A number of folks think only retirees are Full-Timers and, of course, that’s not the case. There are many who families, younger couples and singles who enjoy the RV lifestyle. So what do we do when we aren’t workamping, volunteering or traveling? Pretty much anything people with stick-houses do!
One of the things we enjoy is hiking and walking. I make a point to take the digital camera along every time – I love to take photos. The photo above was actually taken on my walk along the river earlier today. You never know what you are going to see. The other day I saw my first Coypu, but it went under the water before I could snap a photo.
Of course, when you are staying in an area for a short or limited period of time, you have to make the most of it. I remember getting up one morning to a nippy 32 degrees and hiking through old growth forest to Sol Duc Falls (Olympic National Park). By the time we got back it was snowing and very slippery. We could have postponed the hike for another day, but if we kept doing that, we may not have gotten to see it and experience nature in such an amazing winter setting. So we always make a point to make the most of our time in an area. I have found this creates richer memories.
Bicycling is another popular hobby among RVers. We have folding bikes we purchased from a marine store. They only weigh about 15 pounds each and fold into a travel bag. They are great for around parks and designated bike trails. One place we workamped, I even road my bike to the entrance gate each morning (to unlock it). Although I was startled one morning when two coyote darted in front of me! I hit the brakes and looked up the hill to see them chasing two deer. I would have missed that if I drove the noisy company car down to the gate.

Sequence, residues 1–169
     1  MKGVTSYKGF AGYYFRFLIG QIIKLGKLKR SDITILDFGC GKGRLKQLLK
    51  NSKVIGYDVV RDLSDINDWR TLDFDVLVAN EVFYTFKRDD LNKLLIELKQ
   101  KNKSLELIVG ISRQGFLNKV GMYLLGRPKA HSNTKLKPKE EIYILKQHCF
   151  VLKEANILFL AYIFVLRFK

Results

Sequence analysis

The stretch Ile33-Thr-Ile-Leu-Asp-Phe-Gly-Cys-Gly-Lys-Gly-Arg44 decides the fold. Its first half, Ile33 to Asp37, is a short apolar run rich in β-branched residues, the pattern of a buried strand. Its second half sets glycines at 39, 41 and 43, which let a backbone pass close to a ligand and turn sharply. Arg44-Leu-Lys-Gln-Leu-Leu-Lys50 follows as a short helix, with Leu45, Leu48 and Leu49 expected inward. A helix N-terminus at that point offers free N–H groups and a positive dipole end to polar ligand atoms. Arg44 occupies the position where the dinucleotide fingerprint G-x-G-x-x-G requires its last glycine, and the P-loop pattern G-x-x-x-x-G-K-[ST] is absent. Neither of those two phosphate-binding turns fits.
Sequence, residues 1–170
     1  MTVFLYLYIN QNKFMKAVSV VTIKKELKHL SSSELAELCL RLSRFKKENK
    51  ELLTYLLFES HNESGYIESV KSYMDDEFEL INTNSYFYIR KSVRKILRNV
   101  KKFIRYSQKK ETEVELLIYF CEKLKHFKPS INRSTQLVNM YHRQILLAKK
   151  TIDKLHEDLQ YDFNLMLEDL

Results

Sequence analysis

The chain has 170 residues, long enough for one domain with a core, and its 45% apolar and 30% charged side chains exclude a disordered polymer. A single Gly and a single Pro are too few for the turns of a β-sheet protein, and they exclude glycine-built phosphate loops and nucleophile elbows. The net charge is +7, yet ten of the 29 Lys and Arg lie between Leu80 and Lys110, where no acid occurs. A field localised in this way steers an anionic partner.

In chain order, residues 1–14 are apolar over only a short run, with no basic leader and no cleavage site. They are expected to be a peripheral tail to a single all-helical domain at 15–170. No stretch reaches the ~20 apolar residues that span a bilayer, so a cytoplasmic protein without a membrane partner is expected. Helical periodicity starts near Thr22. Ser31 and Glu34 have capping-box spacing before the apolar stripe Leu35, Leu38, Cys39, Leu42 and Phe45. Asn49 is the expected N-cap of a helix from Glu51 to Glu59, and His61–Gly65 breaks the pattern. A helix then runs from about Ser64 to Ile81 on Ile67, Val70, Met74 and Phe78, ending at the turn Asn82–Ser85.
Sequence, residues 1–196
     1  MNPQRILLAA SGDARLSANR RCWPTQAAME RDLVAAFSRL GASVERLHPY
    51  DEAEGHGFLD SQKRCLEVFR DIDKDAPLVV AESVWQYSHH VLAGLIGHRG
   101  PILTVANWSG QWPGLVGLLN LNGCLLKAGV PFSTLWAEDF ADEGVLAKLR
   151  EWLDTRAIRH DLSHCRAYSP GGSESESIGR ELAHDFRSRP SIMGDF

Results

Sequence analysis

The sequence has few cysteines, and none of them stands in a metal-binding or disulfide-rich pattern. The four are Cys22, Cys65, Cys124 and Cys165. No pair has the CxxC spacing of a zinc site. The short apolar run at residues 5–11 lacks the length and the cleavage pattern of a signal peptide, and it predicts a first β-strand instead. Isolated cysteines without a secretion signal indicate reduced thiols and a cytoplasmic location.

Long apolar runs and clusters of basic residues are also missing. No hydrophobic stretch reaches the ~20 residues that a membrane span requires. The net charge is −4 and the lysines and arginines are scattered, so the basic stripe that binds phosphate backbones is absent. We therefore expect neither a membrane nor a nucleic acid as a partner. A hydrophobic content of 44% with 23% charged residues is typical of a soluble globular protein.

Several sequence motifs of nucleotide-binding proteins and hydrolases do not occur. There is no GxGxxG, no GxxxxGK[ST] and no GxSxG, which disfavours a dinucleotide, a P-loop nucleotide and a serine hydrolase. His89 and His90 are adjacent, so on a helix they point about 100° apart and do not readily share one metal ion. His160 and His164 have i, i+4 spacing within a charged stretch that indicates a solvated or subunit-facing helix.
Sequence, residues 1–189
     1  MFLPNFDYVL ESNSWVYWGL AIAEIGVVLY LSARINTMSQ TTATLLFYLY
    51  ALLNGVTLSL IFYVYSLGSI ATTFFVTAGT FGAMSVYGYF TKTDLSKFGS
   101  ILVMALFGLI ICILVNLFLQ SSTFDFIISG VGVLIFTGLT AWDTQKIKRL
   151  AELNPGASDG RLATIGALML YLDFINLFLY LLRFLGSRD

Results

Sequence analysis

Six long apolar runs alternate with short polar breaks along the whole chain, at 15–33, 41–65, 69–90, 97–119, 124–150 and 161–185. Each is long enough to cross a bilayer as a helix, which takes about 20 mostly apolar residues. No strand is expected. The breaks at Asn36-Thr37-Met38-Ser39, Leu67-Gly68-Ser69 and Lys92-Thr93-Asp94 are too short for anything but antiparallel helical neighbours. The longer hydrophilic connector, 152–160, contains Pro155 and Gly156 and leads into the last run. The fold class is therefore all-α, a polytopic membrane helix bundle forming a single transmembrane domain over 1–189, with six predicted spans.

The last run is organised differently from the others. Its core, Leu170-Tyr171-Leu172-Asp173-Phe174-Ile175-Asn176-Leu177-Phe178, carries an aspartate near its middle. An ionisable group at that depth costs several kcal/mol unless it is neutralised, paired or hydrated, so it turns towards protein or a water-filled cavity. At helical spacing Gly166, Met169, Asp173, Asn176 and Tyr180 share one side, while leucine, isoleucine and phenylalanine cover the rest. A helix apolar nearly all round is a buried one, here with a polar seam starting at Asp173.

Reading is a big hobby and most campgrounds and RV resorts offer either a lending library or a place to leave books, magazines and directories. A few we have been to even have places to swap jigsaw puzzles, road maps, coupons and catalogs. We have made a lot of new friends just by sitting outside in our lawn chairs. There is just something about reading a book outside that attracts folks!
Larger campgrounds and RV resorts usually have a number of social activities – so there is always plenty of opportunities to make friends “at home”. We have stayed at parks with golf clubs (they had a golf course right there at the park), computer clubs, Red Hat Ladies, monthly or annual potlucks, choral groups, bingo, art and craft clubs, tennis clubs and other activities. One we stayed at had French classes (which I enjoyed) and even karate classes. So it is very easy to socialize – even if you are only staying a few days. I think I know more about Campers I’ve played bingo with than my friends!
Individual hobbies are the same for Full-Timers, except on a smaller scale because of the storage space and transportation issues (nothing too bulky or fragile). Personally, I collect travel-related items: postcards, pressed pennies and quarters (from a machine at an attraction – some folks refer to them as “squashed pennies”, “souvenir pennies” or “oblongateds”), campground maps (not as popular as collecting restaurant menus), souvenir tee shirts and unique travel mementos. In my free time, I enjoy origami, kirigami, making ningyo dolls and Sumi-e painting. These items take up little space and keep me out of trouble. 😉
Many RVers enjoy the internet and email. It not only allows us to stay in touch with friends and family, but interact with other RVers and plan our routes. A number of Full-Timers have blogs, websites and photo galleries to maintain.
There are numerous things to keep us Full-Timers on the move, even when we’re parked!